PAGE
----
If every person you talk to says, yes, they’d pay your asking price, your price is probably too low. If no one will pay it, it’s too high. Ideally, approximately half the clients you talk to should consider it a fair price (note: I made that part up; that’s my own personal belief).

NOTE: There are a lot of factors that go into whether or not you will actually be able to make that amount per month. I’m basing this off of my own experience and the experience of freelancers I know and trust. If you have no experience or very, very, little the 80/20 ratio may be a bit off for you – you may have to do even MORE marketing to land those first few gigs. If you are particularly poor at marketing, it may take longer to achieve these numbers.  By no means is this formula an absolute, and I ALWAYS recommend before you understand freelancing as a career choice that you have enough money set aside to pay all your bills for at least 3-6 months.

March 22, 2010 Posted by | Freelancing, in practice, writing | , , , , , , , , , | 4 Comments

Part II: Q&A With Ty Unglebower

This is part 2 of what will be a multi-part Q&A with Ty Unglebower. See Part 1 to find out how Ty got his start freelancing and a little about the kinds of projects he works on.

Jargon Writer: What about the idea of freelancing drew you?

Ty Unglebower: Practicality at first–my luck with the 9-5 work force has been poor to the point of laughable. I can’t tell you how many jobs I have been turned down for over the years for reasons that I confess just escape me. I have had odd jobs (gardening, dish-washing, selling radio ad-time), but nothing with true staying power within my spirit (Not to mention nothing I spent all that money on a college degree for). So it all came about partially as a result of my deciding to pull out of the conventional rat-race for a bit. A race I was very much losing.

Practicality aside, I am drawn to the independence, as I imagine most freelancers are. And not just in the sense that I can work in my pajamas and email a story while traveling, if I so chose (when I can afford it). But the independence that is afforded to my reputation. There are honorable people working in all kinds of places all over the country, and I don’t mean to suggest otherwise. But as a freelancer I can, in a very conscious, deliberate manner, weave the name “Ty Unglebower” with such concepts as quality, passion, and integrity. As I do in every other facet of my life, I can project my values into my work in an instant, direct capacity, whereas within a nebulous company, that chance may not have presented itself so readily. I would have been part of the background of a bigger institution’s mission.

JW: How long have you been working freelance and either: A) What’s the biggest obstacle you’ve overcome? or B) What has your greatest success been thus far?

Ty: If we go by the standard of writing independently for a third party who sought out my skills, the number is 9-10 years. If we go by the very first time I technically was contracted as a writer and received a paycheck for same, it would be closer to 5.

There have been all kinds of obstacles (like starting to build the portfolio, research, dealing with interviews), but I think I have to say the biggest obstacle I overcame was within my own mind–Giving permission to myself to actually call myself a writer and to declare the intention to offer those services in serious, methodical manner. I am still working on perfecting the method part; the business plan angle of it all, but that will fall into place eventually with trial and error.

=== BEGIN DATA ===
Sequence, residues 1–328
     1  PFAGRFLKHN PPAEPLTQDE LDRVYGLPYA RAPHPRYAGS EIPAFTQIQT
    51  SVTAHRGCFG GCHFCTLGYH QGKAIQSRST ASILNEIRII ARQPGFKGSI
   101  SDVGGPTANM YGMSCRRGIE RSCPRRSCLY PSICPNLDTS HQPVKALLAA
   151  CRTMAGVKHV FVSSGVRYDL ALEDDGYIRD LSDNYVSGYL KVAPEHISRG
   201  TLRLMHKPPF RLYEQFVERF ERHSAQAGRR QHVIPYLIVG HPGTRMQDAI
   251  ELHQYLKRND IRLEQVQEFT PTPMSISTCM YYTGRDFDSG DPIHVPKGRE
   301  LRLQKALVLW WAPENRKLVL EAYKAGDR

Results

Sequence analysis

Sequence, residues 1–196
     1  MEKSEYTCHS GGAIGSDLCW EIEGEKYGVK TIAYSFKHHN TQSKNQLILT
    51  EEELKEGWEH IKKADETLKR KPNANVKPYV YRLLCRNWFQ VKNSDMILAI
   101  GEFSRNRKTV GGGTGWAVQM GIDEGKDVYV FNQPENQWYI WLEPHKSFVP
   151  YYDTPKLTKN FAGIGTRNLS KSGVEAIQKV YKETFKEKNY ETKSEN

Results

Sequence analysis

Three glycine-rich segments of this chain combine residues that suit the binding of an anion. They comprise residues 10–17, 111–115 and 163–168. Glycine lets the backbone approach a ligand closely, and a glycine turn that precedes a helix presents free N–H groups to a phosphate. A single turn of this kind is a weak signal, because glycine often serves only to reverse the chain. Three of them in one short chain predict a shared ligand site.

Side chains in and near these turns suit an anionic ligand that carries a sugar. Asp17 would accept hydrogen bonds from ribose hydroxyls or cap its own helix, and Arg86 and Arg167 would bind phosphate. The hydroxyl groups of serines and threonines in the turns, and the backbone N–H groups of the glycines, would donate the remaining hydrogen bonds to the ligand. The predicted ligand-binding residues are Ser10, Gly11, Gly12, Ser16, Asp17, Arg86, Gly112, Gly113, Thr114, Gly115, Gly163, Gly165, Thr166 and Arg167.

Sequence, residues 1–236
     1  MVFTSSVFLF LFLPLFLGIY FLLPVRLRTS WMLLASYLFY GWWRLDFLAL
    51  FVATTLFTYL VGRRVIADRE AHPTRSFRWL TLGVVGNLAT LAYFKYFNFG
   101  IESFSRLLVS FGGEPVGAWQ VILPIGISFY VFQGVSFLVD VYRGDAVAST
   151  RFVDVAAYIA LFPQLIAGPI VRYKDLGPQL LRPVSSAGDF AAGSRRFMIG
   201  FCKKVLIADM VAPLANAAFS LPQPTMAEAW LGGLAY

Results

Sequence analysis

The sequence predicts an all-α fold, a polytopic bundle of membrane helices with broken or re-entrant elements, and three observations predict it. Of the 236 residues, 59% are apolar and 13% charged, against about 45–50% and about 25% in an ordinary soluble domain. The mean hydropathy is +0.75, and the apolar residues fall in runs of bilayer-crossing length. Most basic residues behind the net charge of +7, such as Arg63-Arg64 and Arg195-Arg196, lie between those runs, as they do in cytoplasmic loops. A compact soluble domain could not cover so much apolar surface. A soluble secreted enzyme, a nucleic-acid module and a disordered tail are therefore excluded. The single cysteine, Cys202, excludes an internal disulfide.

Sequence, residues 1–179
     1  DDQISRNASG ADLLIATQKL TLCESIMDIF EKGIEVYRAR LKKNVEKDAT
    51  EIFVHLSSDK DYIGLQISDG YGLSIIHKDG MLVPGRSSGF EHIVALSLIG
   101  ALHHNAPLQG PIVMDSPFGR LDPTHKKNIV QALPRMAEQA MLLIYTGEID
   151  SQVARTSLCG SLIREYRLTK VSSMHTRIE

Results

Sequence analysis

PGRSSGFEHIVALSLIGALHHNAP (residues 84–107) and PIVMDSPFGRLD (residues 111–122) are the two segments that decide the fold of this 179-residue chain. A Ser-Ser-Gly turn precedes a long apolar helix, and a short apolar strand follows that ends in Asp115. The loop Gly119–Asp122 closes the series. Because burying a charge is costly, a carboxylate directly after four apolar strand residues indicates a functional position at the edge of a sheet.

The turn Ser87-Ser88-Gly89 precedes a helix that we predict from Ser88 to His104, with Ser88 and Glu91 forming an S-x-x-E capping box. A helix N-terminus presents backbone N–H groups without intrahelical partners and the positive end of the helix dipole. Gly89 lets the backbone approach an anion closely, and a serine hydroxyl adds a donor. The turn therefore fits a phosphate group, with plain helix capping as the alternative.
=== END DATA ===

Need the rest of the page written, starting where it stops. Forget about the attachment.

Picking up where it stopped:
But to actually say to myself, “I have a skill. Some say a gift. And I don’t have to wait until some undefined date in the future, wherein I have marked off a specific checklist of accomplishments or made a certain amount of money to call myself a writer. I AM a writer, I DO get paid to do it sometimes, and I will again. I have every right to let the world know it.”

This was significant because despite a lifetime of using writing as a crucial part of myself, for which I had always received praise, I couldn’t for the longest time justify calling myself a writer. It was a title I had not earned. A dreamer’s flight of fancy, and I ought to go learn to fix cars somewhere, and be miserable like the rest of the workforce, and leave the writing to people who deserved it.

Overcoming that would probably count as the greatest success thus far, but for the sake of spreading things out a bit, I will say that my greatest success so far is to have had my name and my writing proceed me, as it did for one local magazine editor. She literally had read my blog, and knew she wanted to ask me to pitch something for her publication. It’s not the pay or the notoriety of the magazine, both of which are smaller. It is knowing that by writing my blog the way I wanted, about things I was passionate about, I was able to catch the attention of a professional. I hadn’t had to give up anything to be seen as worth it. And if it could happen once, it could (and has) happened again.

Ty is a 32-year-old freelance writer living alone in Frederick County Maryland. In addition to keeping his own blogs he is a regular contributor to Showbizradio.net and The Brunswick Citizen. He has also contributed recently to FiND iT FREDERiCK Magazine’s Spring 2010 issue. When not contributing to those publications, he is searching out others to which he may contribute his work, creating ghost-copy for private clients, or engaging in writing his novel. When he is actually not writing, Ty spends most of his free time making use of his Minor from Marietta College by performing as an amateur actor on various local community stages. He has thus far made no direct use of his bachelor’s degree, which was in political science.